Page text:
On July 18, the New York Department of Financial Services (NYDFS) issued new regulations (the Regulations) adopting a “best interest” standard of care for investment professionals licensed to sell life insurance and annuity products to New York state residents. Effective August 1, 2019, the Regulations provide that any transactions with respect to such products must be in the “best interest” of the consumer and appropriately address the insurance needs and financial obligations of the consumer at the time of the transaction. Under the Regulations, an insurer is deemed to act in the “best interest” of a consumer when, among other things, the recommendation to the consumer “is based on an evaluation of the relevant suitability information of the consumer and reflects the care, skill, prudence, and diligence that a prudent person acting in a like capacity and familiar with such matters would use under the circumstances then prevailing.” In addition, only the interests of the consumer must be considered by the insurer in making a recommendation. The insurer’s receipt of compensation or other incentives is permitted under the new standard, provided that they do not influence the recommendation. According to a statement from the NYDFS, the Regulations are designed, in part, to fill regulatory gaps to protect New York consumers in the wake of the rollback of the Department of Labor’s “Fiduciary Rule” and related exemptions, which were officially vacated by the U.S. Court of Appeals for the Fifth Circuit in June 2018. Insurance commissioners in other states are considering potentially establishing similar “best interest” standards of care in their own states.
The Federal Reserve recently launched its new Consumer Compliance Supervision Bulletin, which aims to provide bankers, institutions and other interested readers with high-level summaries of important consumer protection issues. The new publication is an addition to other Federal Reserve publications, including the Consumer Compliance Outlook and Outlook Live. The new publication will provide helpful information for institutions on navigating consumer compliance risks, examiners’ observations on relevant topics, and developments in consumer protection. The first publication issued for July 2018 includes, among other things, discussions of fair lending practices and unfair and deceptive acts and practices regarding student financial products and services and loan officer misrepresentations. The July edition also highlights new policy and regulatory developments in the Military Lending Act and the Uniform Interagency Consumer Compliance Rating System.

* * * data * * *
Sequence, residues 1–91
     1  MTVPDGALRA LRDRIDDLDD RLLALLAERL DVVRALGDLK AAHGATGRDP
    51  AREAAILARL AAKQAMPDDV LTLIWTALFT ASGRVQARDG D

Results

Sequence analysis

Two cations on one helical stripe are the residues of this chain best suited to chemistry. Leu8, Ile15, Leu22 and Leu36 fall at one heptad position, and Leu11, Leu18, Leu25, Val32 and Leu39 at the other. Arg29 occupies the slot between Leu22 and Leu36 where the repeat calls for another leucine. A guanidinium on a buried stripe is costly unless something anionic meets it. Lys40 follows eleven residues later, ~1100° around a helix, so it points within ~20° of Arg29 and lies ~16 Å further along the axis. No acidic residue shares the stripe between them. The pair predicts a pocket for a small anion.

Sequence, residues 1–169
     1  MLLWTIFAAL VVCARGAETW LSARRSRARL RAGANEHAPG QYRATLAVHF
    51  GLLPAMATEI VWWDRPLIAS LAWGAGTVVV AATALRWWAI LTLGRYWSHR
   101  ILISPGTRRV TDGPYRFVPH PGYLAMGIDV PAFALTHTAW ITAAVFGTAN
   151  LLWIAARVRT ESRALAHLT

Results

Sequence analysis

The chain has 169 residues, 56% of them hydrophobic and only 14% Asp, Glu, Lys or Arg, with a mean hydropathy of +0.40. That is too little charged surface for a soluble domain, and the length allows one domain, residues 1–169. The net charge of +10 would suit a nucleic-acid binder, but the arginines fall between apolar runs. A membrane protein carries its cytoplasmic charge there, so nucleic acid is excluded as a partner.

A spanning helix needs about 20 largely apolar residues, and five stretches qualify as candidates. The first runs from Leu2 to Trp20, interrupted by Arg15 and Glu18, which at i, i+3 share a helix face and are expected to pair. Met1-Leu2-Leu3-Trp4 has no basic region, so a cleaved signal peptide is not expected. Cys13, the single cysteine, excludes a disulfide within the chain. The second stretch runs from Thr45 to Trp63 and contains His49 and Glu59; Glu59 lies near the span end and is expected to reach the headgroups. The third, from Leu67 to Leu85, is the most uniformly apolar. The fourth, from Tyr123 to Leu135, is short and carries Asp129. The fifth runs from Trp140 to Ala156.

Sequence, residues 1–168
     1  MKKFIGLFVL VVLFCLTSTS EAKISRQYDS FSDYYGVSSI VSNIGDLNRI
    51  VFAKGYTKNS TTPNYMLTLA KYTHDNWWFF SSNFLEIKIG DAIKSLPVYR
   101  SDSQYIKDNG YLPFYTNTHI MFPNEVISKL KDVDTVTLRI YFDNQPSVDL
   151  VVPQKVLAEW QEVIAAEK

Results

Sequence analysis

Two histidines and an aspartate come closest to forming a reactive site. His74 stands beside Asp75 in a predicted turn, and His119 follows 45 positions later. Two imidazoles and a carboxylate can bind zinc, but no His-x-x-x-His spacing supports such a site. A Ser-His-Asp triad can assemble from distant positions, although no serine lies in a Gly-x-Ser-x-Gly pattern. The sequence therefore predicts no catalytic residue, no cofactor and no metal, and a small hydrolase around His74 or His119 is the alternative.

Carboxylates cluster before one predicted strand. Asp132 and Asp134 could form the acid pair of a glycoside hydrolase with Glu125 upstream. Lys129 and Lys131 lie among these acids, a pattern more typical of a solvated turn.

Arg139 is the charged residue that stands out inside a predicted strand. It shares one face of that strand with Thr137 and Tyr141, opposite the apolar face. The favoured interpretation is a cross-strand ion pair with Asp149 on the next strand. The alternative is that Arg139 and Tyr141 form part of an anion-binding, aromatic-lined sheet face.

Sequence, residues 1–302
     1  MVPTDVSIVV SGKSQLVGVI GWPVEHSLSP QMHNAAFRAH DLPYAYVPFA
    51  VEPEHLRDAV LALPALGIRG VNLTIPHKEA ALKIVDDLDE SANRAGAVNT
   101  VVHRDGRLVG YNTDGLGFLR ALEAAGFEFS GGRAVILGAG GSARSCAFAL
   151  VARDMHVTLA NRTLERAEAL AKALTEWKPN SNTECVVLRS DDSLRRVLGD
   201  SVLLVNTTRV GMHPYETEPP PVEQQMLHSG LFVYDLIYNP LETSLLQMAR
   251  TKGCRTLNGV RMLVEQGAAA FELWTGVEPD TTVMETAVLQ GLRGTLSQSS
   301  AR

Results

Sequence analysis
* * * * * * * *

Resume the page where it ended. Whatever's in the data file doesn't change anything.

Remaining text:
On July 31, the OCC issued a revised “Business Combinations” booklet of the Comptroller’s Licensing Manual, which makes minor technical corrections and notes one process update. Specifically, the update clarifies that the public comment period for a filing subject to the Bank Merger Act is generally 30 days after the newspaper publication and that the newspaper notice should direct the public to the OCC’s Weekly Bulletin for additional information about the filing, including the closing date of the comment period. Notice of a combination application subject to the Bank Merger Act generally must be published three times in a newspaper of general circulation in the community or communities where the main or home offices of the banks involved in the transaction are located. In the updated booklet, the OCC reminded applicants that significant adverse comments may result in delays in processing an application, and that applicants need to consider the possibility of such delay when planning a target date for consummating a transaction or systems conversions.